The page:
Royal Bank of Scotland has admitted mis-selling loans to business customers under the taxpayer-backed Enterprise Finance Guarantee (EFG) scheme.
The blunder was revealed after the bank reviewed EFG customer files following complaints from small firms and discussions with the British Business Bank, the Government body overseeing the scheme.
“This exercise identified a number of instances where we have not properly explained to customers how borrower and guarantor liabilities work under the EFG scheme,” RBS said.
The bank, which is 80 per cent owned by the Treasury, now plans to implement a “thorough and proactive review of affected and potentially affected customers to ensure they are put back in the position they believed they would have been in.”
As the biggest user of the scheme, RBS has loaned more than £900 million to 9,000 small firms since EFG was set up in 2009 to help businesses who would otherwise find it difficult to access credit.
The Financial Conduct Authority has been made aware of the issue and will remain in dialgogue with RBS during its review.
The EFG scheme provides a 75 per cent Government guarantee to lenders willing to back viable small businesses lacking the security to obtain a bank loan. Some RBS customers, however, were incorrectly led to believe that the guarantee was for their benefit rather than the bank’s. Such customers did not realise that they remained liable for 100 per cent of the loan, and in some cases only discovered that they were liable for the full sum upon defaulting.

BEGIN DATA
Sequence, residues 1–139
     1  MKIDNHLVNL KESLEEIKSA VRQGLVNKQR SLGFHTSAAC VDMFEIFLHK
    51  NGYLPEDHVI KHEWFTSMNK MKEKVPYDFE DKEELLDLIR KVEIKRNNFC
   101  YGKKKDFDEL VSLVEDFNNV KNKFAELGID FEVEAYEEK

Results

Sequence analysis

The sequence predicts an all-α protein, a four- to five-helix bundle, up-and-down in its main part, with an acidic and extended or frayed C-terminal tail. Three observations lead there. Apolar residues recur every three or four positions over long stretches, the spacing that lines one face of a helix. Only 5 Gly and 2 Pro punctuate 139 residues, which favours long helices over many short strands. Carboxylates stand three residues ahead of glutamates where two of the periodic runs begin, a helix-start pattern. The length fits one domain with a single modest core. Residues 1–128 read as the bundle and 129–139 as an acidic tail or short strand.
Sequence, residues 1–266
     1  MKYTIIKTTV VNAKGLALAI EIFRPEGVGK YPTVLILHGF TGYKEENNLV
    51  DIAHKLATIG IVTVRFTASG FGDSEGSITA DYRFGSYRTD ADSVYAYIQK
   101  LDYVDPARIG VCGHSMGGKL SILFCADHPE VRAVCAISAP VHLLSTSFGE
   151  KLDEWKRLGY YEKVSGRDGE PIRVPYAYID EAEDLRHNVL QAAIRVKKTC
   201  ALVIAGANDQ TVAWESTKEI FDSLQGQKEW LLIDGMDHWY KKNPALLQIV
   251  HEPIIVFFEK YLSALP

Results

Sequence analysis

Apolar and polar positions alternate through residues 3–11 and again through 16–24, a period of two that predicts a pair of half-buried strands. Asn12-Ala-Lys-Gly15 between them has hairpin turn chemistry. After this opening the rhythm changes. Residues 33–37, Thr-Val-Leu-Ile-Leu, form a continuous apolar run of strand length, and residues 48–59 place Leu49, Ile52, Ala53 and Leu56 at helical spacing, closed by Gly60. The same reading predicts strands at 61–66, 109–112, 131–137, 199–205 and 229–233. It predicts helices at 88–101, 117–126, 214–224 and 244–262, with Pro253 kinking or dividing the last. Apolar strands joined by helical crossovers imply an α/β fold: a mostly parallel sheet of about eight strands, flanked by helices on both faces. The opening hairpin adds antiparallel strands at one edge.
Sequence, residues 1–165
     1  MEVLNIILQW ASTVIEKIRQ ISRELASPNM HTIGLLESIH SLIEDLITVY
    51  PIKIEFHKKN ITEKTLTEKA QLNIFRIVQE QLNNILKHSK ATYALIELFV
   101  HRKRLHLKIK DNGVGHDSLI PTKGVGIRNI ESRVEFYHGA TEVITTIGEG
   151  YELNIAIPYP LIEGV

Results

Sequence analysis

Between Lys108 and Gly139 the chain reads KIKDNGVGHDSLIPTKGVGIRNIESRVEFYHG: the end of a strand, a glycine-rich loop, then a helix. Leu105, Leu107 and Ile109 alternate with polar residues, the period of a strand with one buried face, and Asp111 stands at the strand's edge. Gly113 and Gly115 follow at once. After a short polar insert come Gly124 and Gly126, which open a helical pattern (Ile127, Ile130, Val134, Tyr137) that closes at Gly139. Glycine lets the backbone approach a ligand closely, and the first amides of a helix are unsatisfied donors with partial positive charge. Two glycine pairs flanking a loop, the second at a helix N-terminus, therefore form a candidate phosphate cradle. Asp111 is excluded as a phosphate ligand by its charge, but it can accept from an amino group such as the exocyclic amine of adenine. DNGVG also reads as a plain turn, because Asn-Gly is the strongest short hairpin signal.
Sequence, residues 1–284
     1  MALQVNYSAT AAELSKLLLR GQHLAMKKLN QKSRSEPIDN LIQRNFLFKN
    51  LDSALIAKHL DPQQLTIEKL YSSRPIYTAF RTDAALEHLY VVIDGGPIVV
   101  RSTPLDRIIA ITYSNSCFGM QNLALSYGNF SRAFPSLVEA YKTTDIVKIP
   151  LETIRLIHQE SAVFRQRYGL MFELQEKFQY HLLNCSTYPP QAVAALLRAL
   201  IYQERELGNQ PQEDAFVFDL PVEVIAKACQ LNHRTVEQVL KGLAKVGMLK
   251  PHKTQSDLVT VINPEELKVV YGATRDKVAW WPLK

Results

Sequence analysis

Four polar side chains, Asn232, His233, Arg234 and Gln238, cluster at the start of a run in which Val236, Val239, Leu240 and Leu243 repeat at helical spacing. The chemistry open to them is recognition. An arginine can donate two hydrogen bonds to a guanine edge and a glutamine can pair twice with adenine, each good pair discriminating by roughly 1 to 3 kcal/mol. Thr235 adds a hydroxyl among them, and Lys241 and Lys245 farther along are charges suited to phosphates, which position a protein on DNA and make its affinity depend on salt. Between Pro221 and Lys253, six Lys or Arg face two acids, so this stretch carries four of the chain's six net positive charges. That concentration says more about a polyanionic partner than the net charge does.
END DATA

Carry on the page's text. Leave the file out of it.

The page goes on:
RBS will now begin to contact around 1,800 customers who took out an EFG loan that have either defaulted or found themselves in a ‘stressed’ financial position, the bank said. A helpline will also be available for those with concerns.
The bank indicated that taxpayer money claimed inappropriately as a result of the mis-selling would be returned, to ensure that “neither our customers nor the Government are adversely impacted by the issues identified”. RBS went on to say that it believes the impact of this mishap on it will be small, since it has already accounted for firms who defaulted, typically having never recovered more than 25 per cent of their loan .
Shadow business secretary Chuka Umunna called for a wider probe into the EFG to establish how widespread mis-selling had been in relation to the scheme and said the episode had raised questions about what ministers had done to resolve the problem.
RBS has also been accused of pushing firms to the wall so it could buy back their assets at rock-bottom prices.